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Interest rate futures: The next big thing in derivatives trading

September 18, 2009 09:13 IST

Ever since the global financial crisis hit the economies world over, more and more regulators and markets across the world are seen drifting away from the over-the-counter forward market to embrace exchange-traded market.

The OTC market refers to transactions made outside the realm of formal and regulated exchanges. The main reason for this change, experts opine is that the centrally counter-party guaranteed exchange-traded market is perhaps the one institution to have come out unscathed in this economic meltdown.

In India, the trading in the newly launched derivates or more popularly the interest rate futures began on August 31, 2009 clocking trading volumes of Rs 276 crore in their first day of trade. A dream debut, indeed! But what is this index rate futures all about? Who is eligible and where can you trade them? Read on to find out the answers for these and much more about interest rate futures touted to be the next big thing in Indian derivates.

What is interest rate futures trading?

In a nutshell, an interest rate future is a financial derivative. For the uninitiated, a derivative is a financial contract the value of which is 'derived' from a long-standing security such as a stock or a bond, or even an asset, or a market index.

So an interest rate future is a financial derivate based on an underlying security, actually a debt obligation that moves in value as interest rates change. That is, buying an interest rate futures contract will allow the buyer to lock in a future investment rate.

When the interest rates scale up, the buyer will pay the seller of the futures contract an amount equal to the profit expected when investing at a higher rate against the rate mentioned in the futures contract. On the flip side when the interest rates go down, the seller will pay off the buyer for the poorer interest rate when the futures contract expires.

According to experts, the interest rate futures market had priced the futures so that there is sparse room for arbitrage.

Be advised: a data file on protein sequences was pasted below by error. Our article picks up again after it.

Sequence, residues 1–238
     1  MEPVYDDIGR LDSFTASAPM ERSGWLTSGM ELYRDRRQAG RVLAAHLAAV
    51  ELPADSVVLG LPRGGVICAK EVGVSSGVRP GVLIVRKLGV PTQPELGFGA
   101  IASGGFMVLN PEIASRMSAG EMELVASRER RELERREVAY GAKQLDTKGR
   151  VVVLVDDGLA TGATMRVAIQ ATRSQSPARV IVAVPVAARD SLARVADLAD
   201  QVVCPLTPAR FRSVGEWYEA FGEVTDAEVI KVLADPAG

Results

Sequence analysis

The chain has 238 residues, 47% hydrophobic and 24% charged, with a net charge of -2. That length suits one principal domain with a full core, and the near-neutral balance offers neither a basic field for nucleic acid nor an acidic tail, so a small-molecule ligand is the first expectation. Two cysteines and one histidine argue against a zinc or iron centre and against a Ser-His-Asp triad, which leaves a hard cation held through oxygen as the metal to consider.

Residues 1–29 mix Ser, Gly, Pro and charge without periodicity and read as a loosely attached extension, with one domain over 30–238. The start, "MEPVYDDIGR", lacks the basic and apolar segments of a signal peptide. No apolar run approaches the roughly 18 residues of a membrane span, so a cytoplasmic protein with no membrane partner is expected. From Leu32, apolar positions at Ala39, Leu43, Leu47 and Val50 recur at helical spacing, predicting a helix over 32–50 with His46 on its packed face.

Interest rate futures trade in India

In India, the underlying for interest rate futures trading is the Government of India's securitized 10-year notional coupon bond. The qualification of GoI securities to be used as underlying assets is that it should have a maturity status between seven-and-a-half years and 15 years from the first day of the delivery month.

This apart the outstanding should be for a minimum value of Rs 10,000 crore (Rs 100 billion). There will be a regular publishing of the list of deliverable-grade securities at the Exchanges.

Who can trade and where?

You are eligible to trade in interest rate futures market if you are a company, or a bank, or a foreign institutional investor, or a non-resident Indian or a retail investor.

You can trade live in interest rate futures on the currency derivatives segment of the National Stock Exchange while you could also soon trade the contracts on the Bombay Stock Exchange once it is launched. The foreign exchange derivatives bourse of the newly launched Multi-Commodity Exchange MCX-SX is awaiting the regulatory approval to commence trading in the segment.

The contract size and quotation

Globally, the interest rate futures are almost 25-30 per cent of all derivatives. In India the trading on the NSE will see a minimum contract size of Rs 200,000. As far as the quotation is concerned, it would be the same as the quoted price of GoI securities and with a count convention of 30/360-day.

The maximum tenor of contracts

While the maximum tenor of the futures contract is 1 year or 12 months, usually it will have to be rolled over in three months making the contract cycle span over four fixed quarterly contracts.

Daily settlement calculation and procedure for final settlement

Under normal circumstances, the weighted average price of the futures contract for the final 30 minutes would be taken as the daily settlement price.

However, at times when this trading is not carried out the exchange would fix the theoretical price as the daily settlement rate. Usually, the daily settlement is done on a daily marked-to-market procedural basis while the final settlement would be through physical delivery of securities.


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